J Lab Physicians. 2021 Sep;13(3):224-230. doi: 10.1055/s-0041-1730879. Epub 2021 Jul 6.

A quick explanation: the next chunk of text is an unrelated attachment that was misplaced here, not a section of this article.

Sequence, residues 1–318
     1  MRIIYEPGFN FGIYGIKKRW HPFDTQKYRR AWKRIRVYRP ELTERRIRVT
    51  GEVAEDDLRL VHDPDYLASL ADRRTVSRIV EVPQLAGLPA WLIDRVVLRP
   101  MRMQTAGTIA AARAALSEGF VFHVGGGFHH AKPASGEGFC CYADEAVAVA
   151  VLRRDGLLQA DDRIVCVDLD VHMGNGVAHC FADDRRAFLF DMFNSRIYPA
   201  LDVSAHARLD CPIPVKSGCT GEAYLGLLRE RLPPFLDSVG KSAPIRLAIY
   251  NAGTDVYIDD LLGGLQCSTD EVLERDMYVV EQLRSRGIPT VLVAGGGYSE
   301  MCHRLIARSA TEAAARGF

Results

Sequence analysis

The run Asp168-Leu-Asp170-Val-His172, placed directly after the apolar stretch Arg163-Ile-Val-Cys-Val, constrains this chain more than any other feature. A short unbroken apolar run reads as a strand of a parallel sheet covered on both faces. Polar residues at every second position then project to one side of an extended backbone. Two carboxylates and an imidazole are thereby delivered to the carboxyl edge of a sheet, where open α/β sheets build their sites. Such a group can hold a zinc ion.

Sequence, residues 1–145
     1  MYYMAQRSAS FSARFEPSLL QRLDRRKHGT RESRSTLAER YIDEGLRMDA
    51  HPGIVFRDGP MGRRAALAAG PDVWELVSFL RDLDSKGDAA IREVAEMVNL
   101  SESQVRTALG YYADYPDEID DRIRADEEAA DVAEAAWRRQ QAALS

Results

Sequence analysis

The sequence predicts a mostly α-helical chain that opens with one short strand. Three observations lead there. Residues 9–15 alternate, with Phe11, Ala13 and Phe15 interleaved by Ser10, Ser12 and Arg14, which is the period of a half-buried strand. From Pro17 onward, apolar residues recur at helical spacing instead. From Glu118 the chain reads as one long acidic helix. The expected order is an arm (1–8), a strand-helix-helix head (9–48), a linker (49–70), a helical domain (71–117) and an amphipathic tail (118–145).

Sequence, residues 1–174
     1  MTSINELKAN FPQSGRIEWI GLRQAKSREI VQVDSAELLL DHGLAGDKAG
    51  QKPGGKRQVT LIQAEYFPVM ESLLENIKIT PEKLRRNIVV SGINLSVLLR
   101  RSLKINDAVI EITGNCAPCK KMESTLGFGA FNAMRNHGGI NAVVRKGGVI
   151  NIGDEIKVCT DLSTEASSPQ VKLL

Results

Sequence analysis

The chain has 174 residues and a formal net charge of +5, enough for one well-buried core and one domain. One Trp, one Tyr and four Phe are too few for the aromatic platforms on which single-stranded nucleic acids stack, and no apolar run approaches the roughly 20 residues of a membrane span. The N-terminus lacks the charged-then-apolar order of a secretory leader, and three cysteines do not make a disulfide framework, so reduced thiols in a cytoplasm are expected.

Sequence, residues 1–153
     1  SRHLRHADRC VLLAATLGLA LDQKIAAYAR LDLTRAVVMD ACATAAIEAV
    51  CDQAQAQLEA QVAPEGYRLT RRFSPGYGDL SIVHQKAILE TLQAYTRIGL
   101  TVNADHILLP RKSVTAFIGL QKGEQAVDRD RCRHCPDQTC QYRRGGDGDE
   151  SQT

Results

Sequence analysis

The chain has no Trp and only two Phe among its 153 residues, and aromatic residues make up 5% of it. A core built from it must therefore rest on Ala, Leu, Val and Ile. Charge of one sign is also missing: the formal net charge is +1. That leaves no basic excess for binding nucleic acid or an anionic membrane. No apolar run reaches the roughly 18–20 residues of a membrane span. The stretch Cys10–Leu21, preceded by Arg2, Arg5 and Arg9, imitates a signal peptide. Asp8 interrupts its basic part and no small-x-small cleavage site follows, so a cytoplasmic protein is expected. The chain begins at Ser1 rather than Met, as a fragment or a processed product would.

Introduction With an increase in the number of total joint arthroplasties, the count of prosthetic joint infections (PJIs) is also increasing and has become a nightmare for an orthopaedic surgeon. Microbiological diagnosis is important for administering definitive antimicrobial treatment. Negative culture reports hamper patient management and prolonged incubation periods have increased the culture yield but at the risk of culture contamination in conventional microbiology settings. Thus, we aimed to optimize the best incubation time for culture and the aerobic bacterial profile of PJIs. Material and Methods Over a year, samples from clinically suspected PJI patients were collected and processed for culture using standard techniques. The samples were incubated for up to 10 days with daily subculturing on to solid media. The bacterial isolates were identified and antibiotic susceptibility was performed. Results Out of 200 patients, 105 were included in the study and samples were collected in triplicate. In 70 cases culture was positive and 35 were culture negative PJIs. Mean incubation days to culture positivity was 3.6 days with 97.14% culture positivity seen by the seventh day of incubation. Twenty-four percent methicillin-resistant Staphylococcus aureus , and more than 50% extended spectrum β lactamase producing Klebsiella pneumoniae and Escherichia coli were isolated. Discussion Culture positivity in PJIs provides definitive evidence of infection and guides the treatment. Increasing the incubation times can help in maximizing the culture yield, and we found that 97.14% pathogens grew within 7 days of incubation. Prolonging it further would not provide an added advantage especially in a resource-constraint setting.